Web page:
Since the question originally did not specify what action by Roosevelt (or which Roosevelt) we are talking about, I have guessed that it refers to the internment of the people of Japanese descent on the West Coast at the beginning of World War II.
If we need to argue that this action was ethical, we can say that, in war, the overriding goal is to win. Almost all other goals must be subordinated to this goal. This is arguably ethical because, in the example of WWII, an American victory would have been much better for everyone in America (and perhaps everyone in the world) than an Axis victory. If some people had to have their rights trampled in order to secure victory, that is simply the price that had to be paid.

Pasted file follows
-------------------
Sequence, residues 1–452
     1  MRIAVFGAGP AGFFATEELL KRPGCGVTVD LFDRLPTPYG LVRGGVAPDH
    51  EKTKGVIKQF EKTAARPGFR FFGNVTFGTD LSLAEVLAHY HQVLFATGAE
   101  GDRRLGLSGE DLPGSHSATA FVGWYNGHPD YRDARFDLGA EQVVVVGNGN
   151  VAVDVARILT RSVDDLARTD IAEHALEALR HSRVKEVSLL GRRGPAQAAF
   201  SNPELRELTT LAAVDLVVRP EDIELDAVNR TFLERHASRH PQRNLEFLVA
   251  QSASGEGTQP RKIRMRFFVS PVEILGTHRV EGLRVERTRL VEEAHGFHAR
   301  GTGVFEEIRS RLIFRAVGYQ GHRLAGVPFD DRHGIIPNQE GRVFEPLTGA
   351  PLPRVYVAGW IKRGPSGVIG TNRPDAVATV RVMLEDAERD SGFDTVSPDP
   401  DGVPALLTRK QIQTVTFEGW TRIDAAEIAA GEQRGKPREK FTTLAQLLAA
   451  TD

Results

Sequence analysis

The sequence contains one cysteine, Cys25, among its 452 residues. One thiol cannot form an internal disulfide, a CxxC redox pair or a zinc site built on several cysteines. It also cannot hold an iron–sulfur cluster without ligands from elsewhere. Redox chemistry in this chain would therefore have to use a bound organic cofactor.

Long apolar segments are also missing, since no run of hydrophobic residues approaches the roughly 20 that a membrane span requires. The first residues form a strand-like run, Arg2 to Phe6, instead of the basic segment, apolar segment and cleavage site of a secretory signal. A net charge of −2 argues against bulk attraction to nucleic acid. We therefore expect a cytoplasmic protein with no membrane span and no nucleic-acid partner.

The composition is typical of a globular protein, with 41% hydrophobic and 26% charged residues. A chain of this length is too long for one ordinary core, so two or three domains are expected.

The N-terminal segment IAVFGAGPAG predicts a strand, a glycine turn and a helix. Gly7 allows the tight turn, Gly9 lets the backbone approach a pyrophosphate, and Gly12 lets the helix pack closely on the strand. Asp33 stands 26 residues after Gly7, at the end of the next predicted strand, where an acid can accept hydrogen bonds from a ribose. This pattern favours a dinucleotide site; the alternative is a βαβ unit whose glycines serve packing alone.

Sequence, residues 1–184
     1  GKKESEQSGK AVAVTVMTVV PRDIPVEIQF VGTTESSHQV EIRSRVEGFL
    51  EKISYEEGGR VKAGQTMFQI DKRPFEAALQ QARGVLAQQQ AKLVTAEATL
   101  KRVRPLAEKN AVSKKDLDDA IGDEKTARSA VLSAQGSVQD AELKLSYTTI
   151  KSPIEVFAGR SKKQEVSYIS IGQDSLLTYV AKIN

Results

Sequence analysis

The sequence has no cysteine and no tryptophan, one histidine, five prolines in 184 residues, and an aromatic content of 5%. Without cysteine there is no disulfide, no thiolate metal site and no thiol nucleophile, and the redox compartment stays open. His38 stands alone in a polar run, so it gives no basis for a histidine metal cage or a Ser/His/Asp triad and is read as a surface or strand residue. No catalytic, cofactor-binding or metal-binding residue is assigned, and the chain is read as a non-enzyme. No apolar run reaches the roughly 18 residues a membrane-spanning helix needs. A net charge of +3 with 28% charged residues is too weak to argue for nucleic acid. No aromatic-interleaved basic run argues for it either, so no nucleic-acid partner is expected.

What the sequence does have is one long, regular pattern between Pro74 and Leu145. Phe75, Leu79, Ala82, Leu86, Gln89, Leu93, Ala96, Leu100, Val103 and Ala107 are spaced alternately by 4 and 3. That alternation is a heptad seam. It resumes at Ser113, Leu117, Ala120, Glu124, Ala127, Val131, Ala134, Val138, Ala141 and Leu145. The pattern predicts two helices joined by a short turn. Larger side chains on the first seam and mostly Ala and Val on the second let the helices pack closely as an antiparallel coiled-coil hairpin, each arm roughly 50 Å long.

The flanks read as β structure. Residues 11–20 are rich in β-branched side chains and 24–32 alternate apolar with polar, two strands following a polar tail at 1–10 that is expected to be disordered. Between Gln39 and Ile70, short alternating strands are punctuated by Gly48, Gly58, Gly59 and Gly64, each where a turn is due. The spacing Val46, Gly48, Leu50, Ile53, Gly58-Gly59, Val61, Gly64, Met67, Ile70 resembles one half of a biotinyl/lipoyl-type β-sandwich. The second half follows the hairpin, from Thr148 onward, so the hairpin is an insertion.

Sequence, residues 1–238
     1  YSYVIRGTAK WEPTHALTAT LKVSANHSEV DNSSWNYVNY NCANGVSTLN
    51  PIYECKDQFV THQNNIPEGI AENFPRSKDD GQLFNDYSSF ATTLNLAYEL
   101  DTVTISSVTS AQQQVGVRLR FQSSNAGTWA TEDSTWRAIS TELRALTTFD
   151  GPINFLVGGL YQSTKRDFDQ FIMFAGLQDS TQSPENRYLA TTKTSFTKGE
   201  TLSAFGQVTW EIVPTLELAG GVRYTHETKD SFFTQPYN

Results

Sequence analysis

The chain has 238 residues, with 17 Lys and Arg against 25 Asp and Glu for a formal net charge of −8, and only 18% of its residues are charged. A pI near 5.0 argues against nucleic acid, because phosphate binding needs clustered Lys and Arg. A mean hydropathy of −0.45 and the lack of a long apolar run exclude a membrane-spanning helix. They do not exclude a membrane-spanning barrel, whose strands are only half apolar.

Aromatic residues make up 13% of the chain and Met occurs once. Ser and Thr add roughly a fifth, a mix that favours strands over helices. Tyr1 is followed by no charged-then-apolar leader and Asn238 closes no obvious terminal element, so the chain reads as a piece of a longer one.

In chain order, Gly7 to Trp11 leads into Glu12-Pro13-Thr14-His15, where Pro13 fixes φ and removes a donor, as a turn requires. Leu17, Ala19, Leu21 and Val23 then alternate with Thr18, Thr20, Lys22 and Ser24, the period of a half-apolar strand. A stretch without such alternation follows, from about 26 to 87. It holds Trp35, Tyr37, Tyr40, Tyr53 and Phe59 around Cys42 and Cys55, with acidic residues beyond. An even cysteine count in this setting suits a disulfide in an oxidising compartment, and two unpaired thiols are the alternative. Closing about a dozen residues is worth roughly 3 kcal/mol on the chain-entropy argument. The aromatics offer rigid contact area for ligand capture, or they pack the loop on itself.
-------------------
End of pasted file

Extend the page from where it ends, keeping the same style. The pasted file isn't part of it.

We can argue that this was ethical because it did not mistreat the people of Japanese descent as badly as it might have. They were put in camps, but they were not killed or even treated very poorly (outside of the fact that imprisonment is inherently unpleasant).
So, we could argue that the internment was perfectly proper and ethical. The US government arguably acted with restraint and did so for a worthy cause. If we have to defend the internment, this is the way to go about doing so.